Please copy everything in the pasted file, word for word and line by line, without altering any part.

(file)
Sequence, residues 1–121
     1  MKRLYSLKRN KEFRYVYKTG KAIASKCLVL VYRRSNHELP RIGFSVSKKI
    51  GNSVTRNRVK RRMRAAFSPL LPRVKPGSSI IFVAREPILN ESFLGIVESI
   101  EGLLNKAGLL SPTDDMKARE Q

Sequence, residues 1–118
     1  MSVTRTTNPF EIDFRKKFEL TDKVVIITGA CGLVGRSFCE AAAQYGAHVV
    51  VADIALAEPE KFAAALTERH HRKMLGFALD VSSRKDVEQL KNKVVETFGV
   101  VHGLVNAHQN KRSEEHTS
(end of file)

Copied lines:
Sequence, residues 1–121
     1  MKRLYSLKRN KEFRYVYKTG KAIASKCLVL VYRRSNHELP RIGFSVSKKI
    51  GNSVTRNRVK RRMRAAFSPL LPRVKPGSSI IFVAREPILN ESFLGIVESI
   101  EGLLNKAGLL SPTDDMKARE Q

Sequence, residues 1–118
     1  MSVTRTTNPF EIDFRKKFEL TDKVVIITGA CGLVGRSFCE AAAQYGAHVV
    51  VADIALAEPE KFAAALTERH HRKMLGFALD VSSRKDVEQL KNKVVETFGV
   101  VHGLVNAHQN KRSEEHTS